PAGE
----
I am one of those people. I’ve worked in the arts for 10 years. As a child of a Punjabi immigrant and a Jewish Torontonian, first as the founding curator at Luminato Toronto’s festival of arts and creativity. And then as the director of literature at the Banff Centre for the Arts, the first woman in the role in the centre is 85 year history and the first woman of colour.

Now I work at the AGO, another colonial legacy institution, as the head of programming. It’s the fourth largest museum in north America, and my job is overseeing an amazing group of curators who work in performance, talks, and film specifically with the mandate of opening doors and welcoming people into a space that they often didn’t see themselves in. When I was hired at Banff, the conversation around diversity and inclusion, wasn’t as front of mind, as it is today, I was honoured by the appointment at 27 and energised to see how one could shift and diversify programming to better reflect the voices of this country.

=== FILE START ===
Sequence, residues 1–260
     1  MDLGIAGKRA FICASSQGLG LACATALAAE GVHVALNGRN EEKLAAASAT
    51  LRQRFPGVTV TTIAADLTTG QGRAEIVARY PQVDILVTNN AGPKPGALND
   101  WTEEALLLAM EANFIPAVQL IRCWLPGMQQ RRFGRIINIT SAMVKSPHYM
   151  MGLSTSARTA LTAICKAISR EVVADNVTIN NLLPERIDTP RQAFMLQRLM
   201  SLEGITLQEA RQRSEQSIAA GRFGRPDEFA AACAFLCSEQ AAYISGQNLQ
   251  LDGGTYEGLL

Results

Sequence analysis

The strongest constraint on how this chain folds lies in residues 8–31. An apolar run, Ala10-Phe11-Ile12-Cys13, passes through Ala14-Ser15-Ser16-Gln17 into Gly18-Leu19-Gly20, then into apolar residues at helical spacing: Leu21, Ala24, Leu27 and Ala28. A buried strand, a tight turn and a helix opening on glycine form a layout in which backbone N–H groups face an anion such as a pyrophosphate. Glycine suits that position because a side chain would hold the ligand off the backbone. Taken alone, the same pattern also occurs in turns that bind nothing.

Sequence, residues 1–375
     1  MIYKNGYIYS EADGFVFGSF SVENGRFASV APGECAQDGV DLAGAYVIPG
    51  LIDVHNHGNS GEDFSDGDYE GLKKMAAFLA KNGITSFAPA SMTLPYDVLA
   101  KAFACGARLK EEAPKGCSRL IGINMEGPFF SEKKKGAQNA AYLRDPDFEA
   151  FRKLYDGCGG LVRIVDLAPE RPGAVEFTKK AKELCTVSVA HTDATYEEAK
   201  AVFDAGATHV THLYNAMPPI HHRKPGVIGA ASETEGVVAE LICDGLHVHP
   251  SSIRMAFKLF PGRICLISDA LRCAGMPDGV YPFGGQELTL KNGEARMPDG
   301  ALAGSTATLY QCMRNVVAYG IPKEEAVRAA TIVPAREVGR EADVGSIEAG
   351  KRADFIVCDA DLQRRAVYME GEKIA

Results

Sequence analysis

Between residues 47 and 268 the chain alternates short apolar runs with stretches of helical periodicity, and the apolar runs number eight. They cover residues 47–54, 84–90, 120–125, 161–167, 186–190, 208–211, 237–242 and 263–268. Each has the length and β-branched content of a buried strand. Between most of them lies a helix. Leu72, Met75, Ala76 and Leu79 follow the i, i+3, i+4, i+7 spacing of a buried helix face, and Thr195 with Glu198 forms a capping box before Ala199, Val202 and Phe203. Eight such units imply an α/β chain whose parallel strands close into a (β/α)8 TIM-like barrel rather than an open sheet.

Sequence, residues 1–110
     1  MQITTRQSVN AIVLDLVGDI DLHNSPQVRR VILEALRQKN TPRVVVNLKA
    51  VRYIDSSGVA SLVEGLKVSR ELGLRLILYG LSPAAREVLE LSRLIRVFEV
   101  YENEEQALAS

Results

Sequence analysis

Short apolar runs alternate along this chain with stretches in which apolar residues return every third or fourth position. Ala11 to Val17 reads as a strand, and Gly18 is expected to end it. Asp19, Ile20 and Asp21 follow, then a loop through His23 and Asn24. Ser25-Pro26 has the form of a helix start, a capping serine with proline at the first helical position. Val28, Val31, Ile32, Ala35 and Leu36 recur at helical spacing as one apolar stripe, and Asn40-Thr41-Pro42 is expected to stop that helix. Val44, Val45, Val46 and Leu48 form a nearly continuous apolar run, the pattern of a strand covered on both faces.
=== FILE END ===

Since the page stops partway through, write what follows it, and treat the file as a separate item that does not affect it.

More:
Shifting institutions, especially from the inside out is not easy, even when invited in. I had a vested interest: as a young journalist, I had never applied to their literary journalism programme, which is quite esteemed. I had never “seen myself” in that space, nor seeing myself reflected in those that would be my teachers. When I arrived, I spent three years introducing new programmes, an emerging writers programme, the centre’s first environmental writing programme and the centre’s first investigative journalism programme. With a self-described mandate to hire faculty of colour and Indigenous faculty. As we just said, seeing oneself in a space and lowering barriers to access by creating fully scholarship programmes is one of the most important things to the welcome. The welcome I hadn’t felt a decade earlier. This work takes resilience, any type of longitudinal cultural shift does. What I discovered quickly, and once out of the first blush of energised naiveté was that little matters to the BIPOC body doing this work around inclusion, if change in those values, aren’t commonly shared and structurally built into the institution one is a serving or those in the ultimate positions of power.